To see how the photon-dressed bands change with respect to the polarization of light and whether there are band gaps, we compared the energy momentum spectra taken at t = 0 fs along the directions parallel and perpendicular to the electric field of the linearly polarized pump (Fig. 2). Compared with the side bands along kx (Fig. 2A), the side bands in the ky direction show a higher order (n = +2) more clearly (Fig. 2B). More important, the bands are much stronger and show features that deviate from a mere stacking of Dirac cones at energies close to the n = 0 Dirac point (0.15 eV < E < 0.3 eV). The otherwise linearly dispersing n = 0 cone becomes discontinuous and distorted at E = 0.1 eV and 0.22 eV (Fig. 2B, pink triangles).

Fig. 2 ARPES spectra at 0 fs time delay under linearly polarized MIR excitation.

(A) and (B) show the energy-momentum spectra through Γ along the kx and ky directions, respectively. (C) and (D) are the same spectra after subtracting the spectra at t = –500 fs (35). Dashed orange lines are guides to the eye. (E) Sketch of the side bands of different order as induced by the midinfrared excitation. Avoided crossing occurs along ky, leading to a pattern of ∞ around the Dirac point. ω is the drive photon frequency, and Δ is the half gap at the avoided crossings.

To better visualize these features, we subtracted the spectrum taken at t = –500 fs from the spectrum at t = 0 fs, which includes the spectral contribution from the unperturbed surface bands due to the finite pulse width (31). The difference spectrum along Embedded Image (Fig. 2D) shows a pattern resembling an ∞ sign centered at the n = 0 Dirac point. There is a replica of this ∞ pattern at one pump photon energy (120 meV) above the one around n = 0 Dirac point, suggesting that this is a coherent feature on the photo-induced bands. E = 0.1 eV is the middle point of these two ∞, suggesting that the kinks in the raw spectrum (Fig. 2B) correspond to opening of band gaps. These features are in contrast with the difference spectrum in the Embedded Image direction, where the pattern is simply composed of three Dirac cones shifted by Embedded Image (Fig. 2C). This momentum-dependent feature is consistent with the prediction of photon-dressed Dirac bands in graphene under linearly polarized light (3234), where Floquet-Bloch bands open band gaps along the direction perpendicular to the electric field, whereas the bands with momentum parallel to the field remain gapless.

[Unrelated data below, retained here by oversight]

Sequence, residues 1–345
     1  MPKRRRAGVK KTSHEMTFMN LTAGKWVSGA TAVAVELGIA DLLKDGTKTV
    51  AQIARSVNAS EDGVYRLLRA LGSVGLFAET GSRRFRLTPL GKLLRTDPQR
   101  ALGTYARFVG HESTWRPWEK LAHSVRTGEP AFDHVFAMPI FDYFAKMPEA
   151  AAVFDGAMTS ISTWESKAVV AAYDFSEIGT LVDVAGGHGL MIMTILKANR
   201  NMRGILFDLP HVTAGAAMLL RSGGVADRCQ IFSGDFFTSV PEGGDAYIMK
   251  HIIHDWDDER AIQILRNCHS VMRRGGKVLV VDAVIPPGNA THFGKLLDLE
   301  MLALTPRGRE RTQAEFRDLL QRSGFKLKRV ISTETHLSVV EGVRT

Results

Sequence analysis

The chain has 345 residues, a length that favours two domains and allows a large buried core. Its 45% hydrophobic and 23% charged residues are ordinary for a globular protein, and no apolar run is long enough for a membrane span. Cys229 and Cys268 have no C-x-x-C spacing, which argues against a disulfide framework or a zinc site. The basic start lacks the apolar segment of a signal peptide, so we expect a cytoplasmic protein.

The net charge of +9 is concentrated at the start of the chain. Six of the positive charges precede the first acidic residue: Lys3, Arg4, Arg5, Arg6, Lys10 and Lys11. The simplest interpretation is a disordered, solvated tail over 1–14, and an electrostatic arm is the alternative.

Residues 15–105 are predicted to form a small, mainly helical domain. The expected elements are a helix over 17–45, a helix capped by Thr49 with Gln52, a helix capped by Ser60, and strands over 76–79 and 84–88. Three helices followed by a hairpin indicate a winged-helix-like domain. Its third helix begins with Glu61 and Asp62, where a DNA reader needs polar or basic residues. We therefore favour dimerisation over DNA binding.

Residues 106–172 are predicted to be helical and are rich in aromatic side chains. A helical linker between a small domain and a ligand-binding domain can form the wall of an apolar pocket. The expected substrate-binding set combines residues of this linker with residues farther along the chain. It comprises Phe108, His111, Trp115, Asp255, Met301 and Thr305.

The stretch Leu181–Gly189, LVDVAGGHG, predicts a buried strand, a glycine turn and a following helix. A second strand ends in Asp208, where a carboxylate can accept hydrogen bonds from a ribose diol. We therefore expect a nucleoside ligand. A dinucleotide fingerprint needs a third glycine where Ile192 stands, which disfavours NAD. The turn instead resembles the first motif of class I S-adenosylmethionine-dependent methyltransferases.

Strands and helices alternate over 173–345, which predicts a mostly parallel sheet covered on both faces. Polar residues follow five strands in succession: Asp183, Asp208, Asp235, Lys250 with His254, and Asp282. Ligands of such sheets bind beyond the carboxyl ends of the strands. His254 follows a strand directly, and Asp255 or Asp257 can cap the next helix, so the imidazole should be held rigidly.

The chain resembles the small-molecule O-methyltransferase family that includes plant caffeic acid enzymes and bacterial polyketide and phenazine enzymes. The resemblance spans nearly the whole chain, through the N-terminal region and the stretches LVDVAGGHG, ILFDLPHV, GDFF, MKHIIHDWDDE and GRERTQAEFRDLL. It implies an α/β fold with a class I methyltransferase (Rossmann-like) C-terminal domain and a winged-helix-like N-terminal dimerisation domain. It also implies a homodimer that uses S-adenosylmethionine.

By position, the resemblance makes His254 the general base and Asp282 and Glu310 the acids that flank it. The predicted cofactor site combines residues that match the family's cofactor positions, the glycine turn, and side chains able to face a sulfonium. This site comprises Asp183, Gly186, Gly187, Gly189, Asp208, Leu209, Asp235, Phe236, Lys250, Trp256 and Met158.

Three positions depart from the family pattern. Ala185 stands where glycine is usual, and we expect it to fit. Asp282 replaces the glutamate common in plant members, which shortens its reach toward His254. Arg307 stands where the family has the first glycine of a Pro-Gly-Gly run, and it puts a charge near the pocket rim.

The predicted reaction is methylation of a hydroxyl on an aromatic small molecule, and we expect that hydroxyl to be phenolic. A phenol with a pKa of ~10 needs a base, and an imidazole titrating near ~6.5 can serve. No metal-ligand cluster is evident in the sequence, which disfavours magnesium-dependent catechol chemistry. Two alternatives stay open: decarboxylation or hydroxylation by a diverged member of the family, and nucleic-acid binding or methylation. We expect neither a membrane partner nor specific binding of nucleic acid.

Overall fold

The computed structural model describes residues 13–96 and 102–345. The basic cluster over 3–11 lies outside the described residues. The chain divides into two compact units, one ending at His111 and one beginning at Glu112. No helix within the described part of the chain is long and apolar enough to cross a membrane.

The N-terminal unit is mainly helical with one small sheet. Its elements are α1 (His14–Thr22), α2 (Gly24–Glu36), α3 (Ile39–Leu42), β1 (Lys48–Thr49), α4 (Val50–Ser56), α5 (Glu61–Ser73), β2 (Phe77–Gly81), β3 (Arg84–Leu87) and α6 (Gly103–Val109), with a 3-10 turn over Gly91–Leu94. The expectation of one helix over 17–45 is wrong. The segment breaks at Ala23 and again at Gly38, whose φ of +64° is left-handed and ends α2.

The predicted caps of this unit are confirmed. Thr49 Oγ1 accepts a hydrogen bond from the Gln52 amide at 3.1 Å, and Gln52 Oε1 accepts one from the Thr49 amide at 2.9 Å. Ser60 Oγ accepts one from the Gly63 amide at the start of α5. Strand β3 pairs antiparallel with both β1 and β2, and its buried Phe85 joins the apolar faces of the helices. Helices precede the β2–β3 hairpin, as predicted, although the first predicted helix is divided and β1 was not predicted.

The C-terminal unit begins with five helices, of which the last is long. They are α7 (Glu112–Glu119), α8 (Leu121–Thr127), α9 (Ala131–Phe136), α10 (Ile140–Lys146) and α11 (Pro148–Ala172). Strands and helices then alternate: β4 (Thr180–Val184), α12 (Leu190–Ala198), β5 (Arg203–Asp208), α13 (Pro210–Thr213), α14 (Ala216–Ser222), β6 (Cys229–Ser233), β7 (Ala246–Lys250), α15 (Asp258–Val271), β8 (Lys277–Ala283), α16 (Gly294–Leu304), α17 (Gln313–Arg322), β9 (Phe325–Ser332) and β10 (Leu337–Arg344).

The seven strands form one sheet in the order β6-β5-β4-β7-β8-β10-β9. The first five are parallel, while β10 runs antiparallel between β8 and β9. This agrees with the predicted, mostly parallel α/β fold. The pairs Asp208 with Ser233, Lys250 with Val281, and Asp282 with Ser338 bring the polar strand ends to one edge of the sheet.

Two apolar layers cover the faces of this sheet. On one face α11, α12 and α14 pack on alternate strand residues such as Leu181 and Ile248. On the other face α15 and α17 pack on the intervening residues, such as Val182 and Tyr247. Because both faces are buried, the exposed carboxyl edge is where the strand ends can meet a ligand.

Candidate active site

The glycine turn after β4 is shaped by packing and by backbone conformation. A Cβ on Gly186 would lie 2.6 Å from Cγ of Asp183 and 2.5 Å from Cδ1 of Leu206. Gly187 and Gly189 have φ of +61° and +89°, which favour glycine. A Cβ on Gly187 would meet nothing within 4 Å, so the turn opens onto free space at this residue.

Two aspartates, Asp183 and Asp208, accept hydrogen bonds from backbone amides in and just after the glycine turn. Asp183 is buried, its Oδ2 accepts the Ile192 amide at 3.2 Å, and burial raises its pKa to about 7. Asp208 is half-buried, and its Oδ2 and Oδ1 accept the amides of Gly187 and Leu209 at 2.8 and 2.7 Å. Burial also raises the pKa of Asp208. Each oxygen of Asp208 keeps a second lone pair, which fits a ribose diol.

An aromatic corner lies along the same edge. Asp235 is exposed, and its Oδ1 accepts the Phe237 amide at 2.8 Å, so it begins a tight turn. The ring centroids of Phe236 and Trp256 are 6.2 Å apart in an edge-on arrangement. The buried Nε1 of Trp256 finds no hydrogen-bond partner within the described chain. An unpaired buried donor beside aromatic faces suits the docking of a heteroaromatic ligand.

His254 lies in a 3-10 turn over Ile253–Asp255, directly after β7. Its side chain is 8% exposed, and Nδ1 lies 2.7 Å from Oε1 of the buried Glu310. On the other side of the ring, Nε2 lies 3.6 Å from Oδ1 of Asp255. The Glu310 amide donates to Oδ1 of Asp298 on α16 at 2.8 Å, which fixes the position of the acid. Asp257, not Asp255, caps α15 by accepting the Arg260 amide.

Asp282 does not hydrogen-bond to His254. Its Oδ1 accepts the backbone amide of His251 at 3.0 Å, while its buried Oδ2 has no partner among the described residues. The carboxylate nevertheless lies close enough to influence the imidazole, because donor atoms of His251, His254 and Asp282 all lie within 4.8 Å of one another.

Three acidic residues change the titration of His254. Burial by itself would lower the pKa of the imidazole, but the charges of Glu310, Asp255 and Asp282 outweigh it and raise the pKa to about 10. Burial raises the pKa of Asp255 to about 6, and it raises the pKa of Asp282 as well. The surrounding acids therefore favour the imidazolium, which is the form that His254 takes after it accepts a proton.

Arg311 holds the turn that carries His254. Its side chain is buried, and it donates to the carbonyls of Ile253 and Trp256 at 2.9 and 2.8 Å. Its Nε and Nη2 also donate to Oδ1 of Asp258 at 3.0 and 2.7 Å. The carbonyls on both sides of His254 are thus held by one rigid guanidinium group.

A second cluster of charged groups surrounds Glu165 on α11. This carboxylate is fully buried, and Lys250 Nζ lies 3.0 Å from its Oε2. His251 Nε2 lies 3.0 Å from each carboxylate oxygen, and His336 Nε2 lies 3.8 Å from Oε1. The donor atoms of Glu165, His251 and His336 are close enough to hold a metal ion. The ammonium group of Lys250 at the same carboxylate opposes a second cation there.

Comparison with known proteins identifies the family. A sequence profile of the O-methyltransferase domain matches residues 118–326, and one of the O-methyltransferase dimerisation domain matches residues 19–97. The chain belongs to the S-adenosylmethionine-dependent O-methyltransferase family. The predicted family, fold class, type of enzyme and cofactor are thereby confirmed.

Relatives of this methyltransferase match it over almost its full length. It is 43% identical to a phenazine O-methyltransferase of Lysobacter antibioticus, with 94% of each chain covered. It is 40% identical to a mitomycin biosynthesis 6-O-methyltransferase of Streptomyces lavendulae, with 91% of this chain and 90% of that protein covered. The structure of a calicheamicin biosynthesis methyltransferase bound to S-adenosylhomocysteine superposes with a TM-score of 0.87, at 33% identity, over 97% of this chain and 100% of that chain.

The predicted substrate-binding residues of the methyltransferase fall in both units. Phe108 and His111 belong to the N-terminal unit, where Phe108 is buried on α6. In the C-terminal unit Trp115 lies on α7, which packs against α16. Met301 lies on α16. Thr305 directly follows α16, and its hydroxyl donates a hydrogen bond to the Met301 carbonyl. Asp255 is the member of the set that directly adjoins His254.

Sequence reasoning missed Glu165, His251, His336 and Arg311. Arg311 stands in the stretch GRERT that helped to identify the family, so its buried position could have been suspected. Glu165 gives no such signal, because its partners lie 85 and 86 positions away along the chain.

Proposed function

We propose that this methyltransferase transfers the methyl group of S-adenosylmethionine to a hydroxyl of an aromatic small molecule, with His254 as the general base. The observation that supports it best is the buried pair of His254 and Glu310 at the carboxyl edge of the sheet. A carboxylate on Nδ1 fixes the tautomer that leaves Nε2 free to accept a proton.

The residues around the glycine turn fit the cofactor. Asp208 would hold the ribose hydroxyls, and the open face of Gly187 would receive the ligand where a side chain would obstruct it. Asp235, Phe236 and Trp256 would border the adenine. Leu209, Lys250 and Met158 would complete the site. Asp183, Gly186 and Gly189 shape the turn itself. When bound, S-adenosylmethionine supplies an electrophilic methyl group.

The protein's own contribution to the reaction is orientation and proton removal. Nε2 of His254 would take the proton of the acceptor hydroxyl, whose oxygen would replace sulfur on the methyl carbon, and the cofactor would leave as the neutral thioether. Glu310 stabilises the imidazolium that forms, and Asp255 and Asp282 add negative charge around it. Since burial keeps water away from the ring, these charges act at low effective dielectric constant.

For an ideal Dirac cone (Fig. 2E), the avoided crossing between adjacent orders is centered at momenta ±ω/2v, where v is the Fermi velocity of the surface states. In our case, we can see in the difference spectra the crossing of bands at kx ~ ±0.03 Å–1 (Fig. 2C), whereas the band gaps appear at similar values of ky (Fig. 2D). This is slightly bigger than the expected value of ω/2v = 0.02 Å–1 [using ħω = 120 meV and ħv = 3 eVÅ (Fig. 1A)], likely resulting from the reduced velocity of bands below the Dirac point (Fig. 1). At ky = ±0.06 Å–1, where n = ±1 cross, there is no resolvable gap (Fig. 2D). Therefore, the ∞ pattern around the n = 0 Dirac point is a result of the crossings and avoided crossings between n = 0 and n = ±1 (Fig. 2, D and E). The energy distribution curve (fig. S1A) through the avoided crossing shows a 2Δ value of 62 meV. Along with the crossings and avoided crossings between different orders, the gap size is consistent with the theory of photon-dressed Dirac systems based on the Floquet picture (3134).

Having shown that linearly polarized MIR photons couple with the surface states into Floquet-Bloch bands, we investigated how these bands change when the photons become circularly polarized. Unlike the bands under linearly polarized light, the spectrum under circularly polarized light shows avoided crossings at ~±0.03 Å–1 along both kx and ky (Fig. 3, A to D). Spectral cuts along other in-plane directions through Γ (fig. S3C) further show that the dynamical gap does not close for any direction. This is consistent with the Floquet-Bloch bands generated by the coupling between circularly polarized in-plane electric field and the surface states (Fig. 3E).

Fig. 3 ARPES spectra at 0 fs time delay under circularly polarized MIR excitation.